While elected American officials of substantial wealth have typically disclosed their holdings and even placed them in blind trusts for operating purposes (without their direction or day to day involvement in business decisions), something Trump declined to do (although it can be argued that he placed his businesses in a kind of trust, in the hands of some of his children and thus removed himself from day to day business decisions). But even that is not constitutionally required. While it is sometimes politically expedient to use a genuinely blind trust (where you not only lack but can have no day to day knowledge of operations of your business interests) doing so was not deemed expedient enough by Trump to follow the practice — nor did the election result suggest he erred in that decision.
Perhaps it pays to look at history to get a better fix on the implications of the emoluments clause, however. George Washington, our first president, was a man of great wealth in his day, owning a prosperous tobacco plantation in Virginia, yet he was not expected, nor required, to separate himself from his businesses on assuming the presidency, even though those in government at the time would have been particularly sensitive to the constitutional text (as it had been freshly minted and hotly debated back then) and the market for tobacco, his primary product, would certainly have included merchants from abroad and there is every reason to assume some foreign officials may have been in businesses that dealt in tobacco, too, and even smoked some of it in their pipes. Would Washington have been construed as taking emoluments from foreign governments simply because he grew and sold tobacco into the markets and prospered from the activity? No one in Washington’s day seems to have expected him to give up his business and its profits just to serve as president for eight years or to have supposed that doing business in an internationally traded commodity amounted to being paid by foreign governments or their agents.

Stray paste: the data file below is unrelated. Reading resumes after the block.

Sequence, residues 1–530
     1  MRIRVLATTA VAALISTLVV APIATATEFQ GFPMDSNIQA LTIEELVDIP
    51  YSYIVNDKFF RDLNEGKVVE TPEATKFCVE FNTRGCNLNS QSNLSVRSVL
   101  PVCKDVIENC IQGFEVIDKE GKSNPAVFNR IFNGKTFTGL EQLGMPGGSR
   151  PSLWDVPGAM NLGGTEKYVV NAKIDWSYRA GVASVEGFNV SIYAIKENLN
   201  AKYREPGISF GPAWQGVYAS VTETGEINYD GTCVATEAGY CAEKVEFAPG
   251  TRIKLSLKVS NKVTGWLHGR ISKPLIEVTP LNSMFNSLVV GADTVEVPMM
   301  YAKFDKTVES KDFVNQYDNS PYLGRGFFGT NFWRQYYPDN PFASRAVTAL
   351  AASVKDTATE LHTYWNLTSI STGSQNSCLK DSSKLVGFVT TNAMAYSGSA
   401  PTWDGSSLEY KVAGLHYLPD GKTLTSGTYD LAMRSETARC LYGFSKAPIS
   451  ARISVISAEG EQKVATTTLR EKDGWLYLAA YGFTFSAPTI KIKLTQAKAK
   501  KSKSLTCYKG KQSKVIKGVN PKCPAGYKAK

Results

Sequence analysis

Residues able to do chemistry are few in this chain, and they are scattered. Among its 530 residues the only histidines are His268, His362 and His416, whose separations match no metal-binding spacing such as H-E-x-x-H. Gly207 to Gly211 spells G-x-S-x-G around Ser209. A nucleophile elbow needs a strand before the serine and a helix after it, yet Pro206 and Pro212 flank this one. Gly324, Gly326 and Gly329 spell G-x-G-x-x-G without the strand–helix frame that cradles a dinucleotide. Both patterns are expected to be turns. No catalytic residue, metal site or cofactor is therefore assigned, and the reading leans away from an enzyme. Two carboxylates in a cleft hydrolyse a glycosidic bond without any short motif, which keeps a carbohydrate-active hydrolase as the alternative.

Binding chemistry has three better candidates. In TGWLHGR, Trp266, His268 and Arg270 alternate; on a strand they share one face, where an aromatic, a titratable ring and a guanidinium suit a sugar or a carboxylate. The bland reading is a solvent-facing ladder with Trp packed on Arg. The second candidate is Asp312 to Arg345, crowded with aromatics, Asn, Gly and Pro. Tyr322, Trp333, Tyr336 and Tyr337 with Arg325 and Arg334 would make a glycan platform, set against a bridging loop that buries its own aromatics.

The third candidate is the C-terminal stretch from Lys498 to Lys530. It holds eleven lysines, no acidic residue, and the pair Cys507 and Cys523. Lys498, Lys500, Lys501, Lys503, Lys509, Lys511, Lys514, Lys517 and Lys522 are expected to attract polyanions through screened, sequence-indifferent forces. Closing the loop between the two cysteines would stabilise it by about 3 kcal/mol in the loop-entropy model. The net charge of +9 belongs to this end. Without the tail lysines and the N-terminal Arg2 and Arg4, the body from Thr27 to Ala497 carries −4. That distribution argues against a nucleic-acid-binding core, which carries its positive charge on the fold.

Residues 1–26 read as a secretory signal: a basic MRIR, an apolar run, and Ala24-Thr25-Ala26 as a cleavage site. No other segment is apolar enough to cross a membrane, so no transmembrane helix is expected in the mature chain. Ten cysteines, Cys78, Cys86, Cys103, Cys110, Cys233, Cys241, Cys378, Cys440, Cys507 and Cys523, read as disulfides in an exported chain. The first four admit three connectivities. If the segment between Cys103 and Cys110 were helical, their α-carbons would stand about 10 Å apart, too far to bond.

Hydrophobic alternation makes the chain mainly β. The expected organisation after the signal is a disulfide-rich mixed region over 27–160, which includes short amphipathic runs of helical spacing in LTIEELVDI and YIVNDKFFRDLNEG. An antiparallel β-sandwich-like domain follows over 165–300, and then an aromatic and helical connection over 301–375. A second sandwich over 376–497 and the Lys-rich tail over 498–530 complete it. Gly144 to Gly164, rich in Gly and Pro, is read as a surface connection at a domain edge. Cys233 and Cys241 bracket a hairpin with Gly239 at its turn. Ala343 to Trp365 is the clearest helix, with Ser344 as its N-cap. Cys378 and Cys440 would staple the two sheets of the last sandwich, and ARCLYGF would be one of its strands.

Trump is certainly a special case, of course, given the global reach and nature of his businesses, and he is clearly no George Washington. But if the Constitution, back when it was first adopted and very much in the minds of those in government, was not taken as demanding that Washington disgorge his plantation during his eight years in office, why presume something different in Trump’s case? If people want Trump out of the White House they’ll just have to vote him out in the next election — unless they can find grounds and enough congressional clout to impeach him (or he finally convinces some of those around him that he lacks the capacity to continue in office and must be removed under Article 25 of the Constitution). Otherwise, the odds have increased substantially, in light of the court’s decision, that Trump’s global business empire does not pose a threat to his presidency.